Pancreatic cancer (PC) is an aggressive malignancy with a high incidence of distant metastasis and mortality. Emerging evidence has demonstrated that pancreatic cancer stem cells (CSCs), which have the potential to self-renew and are pluripotent, are crucially important in the progression and therapy of PC. The origin of pancreatic CSCs was suggested to be pancreatic acinar cells, centroacinar cells, or acinar-ductal metaplasia. And several CSC-specific markers for pancreatic cancer have been reported, including CD133, CD24, CD44 and CXCR4. Several studies reported the molecular mechanisms regulating human pancreatic CSCs characteristics. In the progression of PC, CSCs are linked with the aggressiveness of PC with association of epithelial to mesenchymal transition (EMT). In the therapy of PC, especially chemotherapy, CSCs offer new insight into PC therapy, especially the mechanism of drug resistance. Therefore, strategies for modulating and treating CSCs can lead to novel targeted therapies for pancreatic cancer.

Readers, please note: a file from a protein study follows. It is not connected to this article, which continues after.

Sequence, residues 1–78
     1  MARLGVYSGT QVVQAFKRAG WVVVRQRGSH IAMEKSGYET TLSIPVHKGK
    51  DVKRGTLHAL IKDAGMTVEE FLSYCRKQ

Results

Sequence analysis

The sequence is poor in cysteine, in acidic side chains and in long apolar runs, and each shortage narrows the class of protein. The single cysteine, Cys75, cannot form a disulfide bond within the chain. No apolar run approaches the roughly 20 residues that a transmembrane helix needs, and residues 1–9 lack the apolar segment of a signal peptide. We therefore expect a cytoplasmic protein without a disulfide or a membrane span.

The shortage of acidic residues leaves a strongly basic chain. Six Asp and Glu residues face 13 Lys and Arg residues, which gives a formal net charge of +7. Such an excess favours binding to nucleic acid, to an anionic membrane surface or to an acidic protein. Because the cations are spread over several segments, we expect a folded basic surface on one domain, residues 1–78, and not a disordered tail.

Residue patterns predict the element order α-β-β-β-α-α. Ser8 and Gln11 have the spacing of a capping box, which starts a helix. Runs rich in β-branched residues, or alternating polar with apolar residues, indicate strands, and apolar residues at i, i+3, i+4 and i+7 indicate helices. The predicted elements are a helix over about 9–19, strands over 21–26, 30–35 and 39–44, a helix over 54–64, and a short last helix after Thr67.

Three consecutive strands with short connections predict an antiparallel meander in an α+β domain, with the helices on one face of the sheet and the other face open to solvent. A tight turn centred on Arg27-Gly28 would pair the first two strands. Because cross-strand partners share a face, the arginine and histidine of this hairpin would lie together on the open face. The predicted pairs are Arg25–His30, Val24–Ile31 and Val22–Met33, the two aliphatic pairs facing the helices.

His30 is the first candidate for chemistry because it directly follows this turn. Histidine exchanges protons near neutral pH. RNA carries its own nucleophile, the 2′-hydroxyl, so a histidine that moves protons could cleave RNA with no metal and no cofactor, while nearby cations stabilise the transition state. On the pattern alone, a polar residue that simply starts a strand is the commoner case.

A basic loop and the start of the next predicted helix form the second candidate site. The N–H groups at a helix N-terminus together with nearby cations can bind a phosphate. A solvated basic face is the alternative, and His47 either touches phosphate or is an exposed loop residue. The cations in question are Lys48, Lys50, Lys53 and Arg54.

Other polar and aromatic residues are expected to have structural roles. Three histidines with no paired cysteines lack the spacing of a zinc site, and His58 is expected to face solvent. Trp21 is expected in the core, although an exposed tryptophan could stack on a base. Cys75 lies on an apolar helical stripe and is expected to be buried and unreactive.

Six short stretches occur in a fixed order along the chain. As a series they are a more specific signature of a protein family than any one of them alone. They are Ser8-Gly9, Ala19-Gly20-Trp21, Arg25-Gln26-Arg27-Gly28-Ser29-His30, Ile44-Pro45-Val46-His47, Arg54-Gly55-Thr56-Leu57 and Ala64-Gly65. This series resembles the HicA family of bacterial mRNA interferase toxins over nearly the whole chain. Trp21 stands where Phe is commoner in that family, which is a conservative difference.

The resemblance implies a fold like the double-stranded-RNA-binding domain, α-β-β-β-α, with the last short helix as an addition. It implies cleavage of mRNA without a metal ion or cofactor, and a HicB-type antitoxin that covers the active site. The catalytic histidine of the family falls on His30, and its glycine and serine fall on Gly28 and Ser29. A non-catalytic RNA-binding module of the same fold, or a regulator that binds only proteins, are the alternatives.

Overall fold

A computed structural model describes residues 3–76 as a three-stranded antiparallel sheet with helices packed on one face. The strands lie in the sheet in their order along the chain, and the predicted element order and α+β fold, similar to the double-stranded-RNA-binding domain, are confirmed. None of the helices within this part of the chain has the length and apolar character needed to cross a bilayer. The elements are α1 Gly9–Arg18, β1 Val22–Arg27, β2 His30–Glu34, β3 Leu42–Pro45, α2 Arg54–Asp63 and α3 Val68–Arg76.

Pancreatic cancer, cancer stem cells, mesenchymal transition, microRNA, pancreatic stellate cells , Review